Moresby Hall – High Duty Alloys
This impressive building was accorded Grade I listing in 1967. According to Historic England there were 3 main building phases the earliest of which dates to the late mediaeval period possibly comprising a tower with a hall range attached. Sir Christopher de Moresby fought at Agincourt (1415) and his great granddaughter Mrs Anne Weston sold the Hall to a Cockermouth merchant William Fletcher in 1576. In the about 1615 the Fletcher family remodelled the house extensively to assume a courtyard layout and some attribute this work to Inigo Jones.. The south range was remodelled again in 1670-1690 possibly to designs by William Thackery or Edward Addison. The Fletchers owned the Hall for some 250 years but following the death of Thomas Fletcher who died childless the house changed hands several times and in 1881 was the home of Henry Spencer, a retired Major. (Was he the same Spencer who set up a Wine a & Spirits business in Whitehaven and acquired the Old Brewery on Irish Street?). The Hall eventually ceased to be a manorial residence, fell into disrepair and was used as a farmhouse for some years. In about 1910 it was restored and re-emerged as a small manor house until about 1955. High Duty Alloys’ factory on the site of the defunct Distington Ironworks some 5 miles to the north was erected in 1940 as a ‘shadow’ factory to fabricate aluminium alloy extrusions and castings for the war effort. The factory continued operations after the war and in 1955 bought Moresby Hall for use as the company guesthouse for entertaining important clients. Ownership of the Hall was maintained even though the company itself underwent more than one takeover. Its proximity to Rosehill Theatre lent itself to convenient accommodation for artistes performing there when the usual lodgings at Rosehill House were unavailable. After more than 40 years of custodianship in 1996 the then owners Pechiney put the property on the market. In 1999 the new owners decided to turn the property into a Country House hotel offering facilities for small conferences and weddings and similar events. As for the factory itself production ceased in June 2007 with final closure in early 2008. At the time of writing (2018) the factory buildings still remain but plans for a hotel, restaurant and filling station on the site have been mooted. The promontory on which the Hall and the adjacent church of St Bridget was used by the Romans and several artefacts dating to their occupation have been found on the site. For those who believe in such things the Hall is also reputed to be haunted and has been the subject of a TV programme which investigates such matters.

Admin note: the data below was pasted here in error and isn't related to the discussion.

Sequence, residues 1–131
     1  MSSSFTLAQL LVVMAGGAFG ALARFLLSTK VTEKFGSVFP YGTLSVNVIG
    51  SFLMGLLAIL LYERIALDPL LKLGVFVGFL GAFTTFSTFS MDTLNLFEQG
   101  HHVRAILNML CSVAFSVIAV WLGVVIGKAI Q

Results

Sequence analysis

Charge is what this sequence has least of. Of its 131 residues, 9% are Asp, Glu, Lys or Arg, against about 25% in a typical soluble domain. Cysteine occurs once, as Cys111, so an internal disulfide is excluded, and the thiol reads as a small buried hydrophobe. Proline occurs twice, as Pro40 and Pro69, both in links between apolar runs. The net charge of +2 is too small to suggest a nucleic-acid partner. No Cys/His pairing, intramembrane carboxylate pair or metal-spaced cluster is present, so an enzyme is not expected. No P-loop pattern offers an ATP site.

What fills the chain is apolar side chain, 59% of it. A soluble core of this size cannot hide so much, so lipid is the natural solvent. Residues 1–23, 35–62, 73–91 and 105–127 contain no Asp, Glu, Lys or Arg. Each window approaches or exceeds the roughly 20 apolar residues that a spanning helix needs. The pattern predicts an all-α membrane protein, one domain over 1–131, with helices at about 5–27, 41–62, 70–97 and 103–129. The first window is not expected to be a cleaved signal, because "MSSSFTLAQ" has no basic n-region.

Newlands House – Workington Iron & Steel Company (and successors)
This property was built as a country house with adjacent two-storey coach house in 1879 on the Whitehaven Road in Workington for local solicitor William Thompson of the firm J C & C Thompson (53 Edkin Street). It took the form of a detached two-storey property with a three-storey annex to the rear. In 1900 the property was conveyed by Thompson’s children (?) to Robert Ernest Highton (1863-1943) the first headmaster of Brigham School, Keswick (1880-1907) and a partner in the Harrington Iron & Coal Co. Highton was also an Alderman on Workington Borough Council and in that capacity on 10th September 1903 laid the foundation stone for the Carnegie Library in the town; on 6th October 1904 he also performed the opening ceremony. In 1913 Highton also purchased the adjacent property Elm Bank so that in 1920 he was in a position to sell Newlands to the United Steel Company. His son Langton Highton became Managing Director of United Steels in Workington. The property was used as the guesthouse for the steelworks for many years until, due to the continual decline of the local works, it was sold off in the early 2000s. It was operated as a hotel but this venture did not prove to be very successful and the hotel closed for business in 2006. The property remained empty for some years until purchased by a local building firm Lattimers of Mealsgate. The intention of this well-regarded firm was to divide the original house into 4 selfcontained homes retaining original features such as stained glass windows and open fireplaces. A further 14 properties were built in the extensive grounds of the main building at comprising a mix of two, three and four-bedroom semi-detached mews with garages and gardens. Lattimers proposed to name the development ‘Newlands Close’ but Workington Town Council made a counter-proposal which the builders were happy to accept. The works of Charles Cammell & Co were relocated from Dronfield to the town in 1882 by James Duffield. He also served as town mayor three times, buying the mayor’s robes for the town. Since the move he had engineered had brought much prosperity to Workington the Council wished to see the name ‘James Duffield Close’ adopted and that is how the development is now known. As an aside it is interesting that in 1901 Duffield’s residence was listed as Tallentire Hall some 4 miles from Cockermouth and well away from the noise and grime of the works of which he was still General Manager.